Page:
The success of the one man one vote campaign lay in a groundswell of grassroots support, its ultimate failure was down to political interference, say some of the original petitioners behind the movement.
A public ‘no campaign’ led by the government, made up at the time of United Democratic Party and now People’s National Alliance members and the timing and conditions of the referendum have been cited as the principal reasons the Cayman Islands does not have single member constituencies today.
Betty Ann Duty said the results of the referendum showed the public supported the concept.
“We feel the issue is still very much desired by the electorate.
“The referendum indicated very clearly the majority of votes were in favour of one man one vote.
“Things went off the rails because the UDP did not want it and set the bar to just over 50 per cent of the registered electorate voting in favour, as opposed to the majority of voter turnout on referendum day. “They then proceeded to not only call the referendum, but to spend the people’s money to campaign against it.”
She said the issue would likely pass a second referendum under different conditions.
“If it was raised again, but done fairly without the government fighting us, one man one vote would win, hands down.
“The PPM claims if they are elected they will put one man one vote into place. That remains to be seen.”
Johann Moxam, said the success of the campaign could not be attributed to any political party, although he cited the contribution of several figures now running for election.
He said independents like Ezzard Miller, Arden McLean and Bo Miller along with candidates now running with the Peoples Progressive Movement, including Alva Suckoo, Woody DaCosta, Marco Archer and Kenny Bryan and candidates endorsed by the Coalition for Cayman deserved credit for the part they had played.
But he questioned the roll of PPM leader Alden McLaughlin, saying his position had offered only tepid support after pressure from colleagues.
He added: “One man one vote, won support from five out of six districts based on the total number of voters who turned up to the vote on referendum day.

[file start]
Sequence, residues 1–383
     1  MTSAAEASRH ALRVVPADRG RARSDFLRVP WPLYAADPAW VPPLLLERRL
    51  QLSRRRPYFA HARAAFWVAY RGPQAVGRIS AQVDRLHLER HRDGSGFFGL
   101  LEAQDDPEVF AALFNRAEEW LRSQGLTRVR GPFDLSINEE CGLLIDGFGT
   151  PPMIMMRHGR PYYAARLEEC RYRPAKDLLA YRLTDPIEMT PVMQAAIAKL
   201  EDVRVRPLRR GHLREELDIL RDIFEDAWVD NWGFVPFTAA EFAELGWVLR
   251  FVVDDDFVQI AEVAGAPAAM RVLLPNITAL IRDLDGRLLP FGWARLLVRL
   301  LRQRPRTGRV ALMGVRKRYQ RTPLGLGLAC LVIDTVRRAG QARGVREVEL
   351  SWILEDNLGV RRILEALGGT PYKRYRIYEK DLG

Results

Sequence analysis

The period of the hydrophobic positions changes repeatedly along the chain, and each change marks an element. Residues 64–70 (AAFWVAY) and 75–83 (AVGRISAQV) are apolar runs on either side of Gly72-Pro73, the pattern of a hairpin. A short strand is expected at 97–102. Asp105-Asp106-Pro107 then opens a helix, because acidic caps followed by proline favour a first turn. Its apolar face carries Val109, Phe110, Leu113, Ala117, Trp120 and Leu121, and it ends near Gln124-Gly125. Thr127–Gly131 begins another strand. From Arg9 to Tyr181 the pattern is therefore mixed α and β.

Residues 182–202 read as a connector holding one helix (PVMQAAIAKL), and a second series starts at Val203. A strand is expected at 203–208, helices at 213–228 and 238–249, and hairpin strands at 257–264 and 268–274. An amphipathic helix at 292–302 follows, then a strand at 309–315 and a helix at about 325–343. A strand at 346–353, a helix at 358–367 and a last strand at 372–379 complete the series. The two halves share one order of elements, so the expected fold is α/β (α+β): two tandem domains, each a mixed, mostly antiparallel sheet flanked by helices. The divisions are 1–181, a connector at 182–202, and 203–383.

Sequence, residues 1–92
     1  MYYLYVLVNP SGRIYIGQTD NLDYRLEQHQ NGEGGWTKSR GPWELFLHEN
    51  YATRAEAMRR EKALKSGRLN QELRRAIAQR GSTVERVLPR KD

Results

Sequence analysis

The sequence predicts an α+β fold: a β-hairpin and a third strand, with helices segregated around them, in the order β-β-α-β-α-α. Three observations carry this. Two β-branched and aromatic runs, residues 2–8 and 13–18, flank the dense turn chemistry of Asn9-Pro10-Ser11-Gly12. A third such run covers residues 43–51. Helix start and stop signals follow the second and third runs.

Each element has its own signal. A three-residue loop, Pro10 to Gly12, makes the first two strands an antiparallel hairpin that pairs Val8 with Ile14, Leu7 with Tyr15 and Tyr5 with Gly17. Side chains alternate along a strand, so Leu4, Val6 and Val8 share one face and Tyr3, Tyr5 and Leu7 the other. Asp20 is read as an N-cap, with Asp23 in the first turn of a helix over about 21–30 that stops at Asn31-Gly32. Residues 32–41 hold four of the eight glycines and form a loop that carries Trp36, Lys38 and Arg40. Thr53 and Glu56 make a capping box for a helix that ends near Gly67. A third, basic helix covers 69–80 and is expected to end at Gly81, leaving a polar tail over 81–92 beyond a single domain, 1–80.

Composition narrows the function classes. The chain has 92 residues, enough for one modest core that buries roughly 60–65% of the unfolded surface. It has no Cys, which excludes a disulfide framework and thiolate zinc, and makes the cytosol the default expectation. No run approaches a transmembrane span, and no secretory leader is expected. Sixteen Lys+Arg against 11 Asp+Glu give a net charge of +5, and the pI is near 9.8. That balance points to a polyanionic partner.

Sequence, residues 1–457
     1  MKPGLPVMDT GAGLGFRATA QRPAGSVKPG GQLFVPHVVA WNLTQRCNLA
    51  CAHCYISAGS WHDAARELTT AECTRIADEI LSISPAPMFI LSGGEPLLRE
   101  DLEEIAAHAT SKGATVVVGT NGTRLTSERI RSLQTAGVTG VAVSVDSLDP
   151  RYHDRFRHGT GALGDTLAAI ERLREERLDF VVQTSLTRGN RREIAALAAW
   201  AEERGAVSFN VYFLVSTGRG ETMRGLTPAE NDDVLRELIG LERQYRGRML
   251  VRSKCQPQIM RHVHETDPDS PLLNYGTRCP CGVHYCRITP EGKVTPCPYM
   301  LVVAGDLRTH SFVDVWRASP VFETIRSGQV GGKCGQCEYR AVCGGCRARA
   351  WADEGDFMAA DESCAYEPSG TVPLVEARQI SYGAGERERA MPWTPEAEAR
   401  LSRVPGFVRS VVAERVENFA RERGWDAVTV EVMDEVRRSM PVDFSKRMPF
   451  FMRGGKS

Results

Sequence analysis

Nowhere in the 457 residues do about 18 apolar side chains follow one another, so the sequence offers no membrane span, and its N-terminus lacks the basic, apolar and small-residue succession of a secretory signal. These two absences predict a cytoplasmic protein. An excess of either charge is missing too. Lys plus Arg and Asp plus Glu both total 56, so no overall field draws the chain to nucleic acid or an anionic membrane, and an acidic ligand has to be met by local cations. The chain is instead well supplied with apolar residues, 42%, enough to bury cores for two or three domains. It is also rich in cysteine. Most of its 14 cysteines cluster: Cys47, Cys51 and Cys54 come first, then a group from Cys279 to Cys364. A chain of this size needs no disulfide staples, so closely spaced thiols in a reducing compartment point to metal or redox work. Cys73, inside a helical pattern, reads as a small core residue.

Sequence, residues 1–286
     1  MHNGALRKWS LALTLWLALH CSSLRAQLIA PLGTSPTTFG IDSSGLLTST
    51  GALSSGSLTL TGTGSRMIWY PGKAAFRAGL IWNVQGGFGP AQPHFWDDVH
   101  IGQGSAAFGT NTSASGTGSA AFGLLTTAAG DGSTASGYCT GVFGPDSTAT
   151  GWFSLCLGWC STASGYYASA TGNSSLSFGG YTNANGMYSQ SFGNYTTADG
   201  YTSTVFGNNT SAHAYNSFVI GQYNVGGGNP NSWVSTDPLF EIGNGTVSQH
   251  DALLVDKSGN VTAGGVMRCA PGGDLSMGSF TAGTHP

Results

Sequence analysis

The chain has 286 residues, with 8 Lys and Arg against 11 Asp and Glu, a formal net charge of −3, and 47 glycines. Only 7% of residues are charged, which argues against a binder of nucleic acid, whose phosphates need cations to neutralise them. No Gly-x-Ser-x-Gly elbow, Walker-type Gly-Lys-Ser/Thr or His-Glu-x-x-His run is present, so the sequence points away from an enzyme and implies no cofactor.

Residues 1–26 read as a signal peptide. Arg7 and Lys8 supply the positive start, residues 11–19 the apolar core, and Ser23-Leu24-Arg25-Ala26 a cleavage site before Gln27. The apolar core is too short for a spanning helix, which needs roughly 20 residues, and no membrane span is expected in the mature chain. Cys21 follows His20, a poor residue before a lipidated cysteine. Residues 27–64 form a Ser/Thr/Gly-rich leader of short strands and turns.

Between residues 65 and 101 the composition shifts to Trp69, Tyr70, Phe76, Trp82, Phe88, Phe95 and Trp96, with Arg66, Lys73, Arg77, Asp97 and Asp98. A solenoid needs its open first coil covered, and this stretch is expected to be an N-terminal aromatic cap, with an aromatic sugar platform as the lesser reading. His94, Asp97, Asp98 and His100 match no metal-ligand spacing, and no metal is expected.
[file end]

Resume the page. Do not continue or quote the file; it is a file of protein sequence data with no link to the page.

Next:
“We can only imagine what would have happened if the Opposition had engaged and fully supported the campaign by mobilising their voter base, especially on Referendum Day.
“Any success of the campaign can best be described as the awareness the campaign and referendum brought to the concept of much needed electoral reform and the “inequality” of the current voting system that is designed to primarily benefit political parties.
“I am particularly proud that a group of average Caymanians worked together and took on a task that one could reasonably have expected elected MLA’s and their respective political machinery to champion in the name equality and enhanced accountability.”
He said the UDP’s campaign against electoral reform had been influential.
“Sadly, the UDP hijacked the referendum and set difficult thresholds for the voting public to reach, which for them was a shrewd political move because they knew they needed to control the process.
“They then commenced an anti-OMOV campaign, which was shocking considering they brought it forward and set the referendum question.”
Some of the campaigners believe that their efforts, despite the failure at the ballot box, will mean one man one vote is in place in time for the 2017 election.
Andre Ebanks said the group had succeeded in putting the issue at the forefront of the public debate and the next government would likely introduce the necessary changes to make it happen.
He added: “A committee consisting predominantly of nonpolitical ordinary citizens mustered an incredible movement that produced outstanding results when one considers the size of our committee, the amount of funds at our disposal and the obstacles we faced.
“And we did it purely because we believed it was the right thing to do as the country deserved a fairer voting system.
“It was a movement that was carried out with grace, intelligence and fortitude, which had such a material positive impact on the country that I think the next government, whomever that may be, will find it extremely difficult to resist the implementation of one man one vote.”
Bo Miler is not so sure. He believes the leadership of both main parties don’t want to see electoral reform.
Mr. Miller, who was chair of the campaign group for seven months prior to Referendum Day, said neither political party had shown enough support, because it was against their interests.
He added: “The Cayman people want one man one vote. If I’m elected it will be the first thing I try to do.”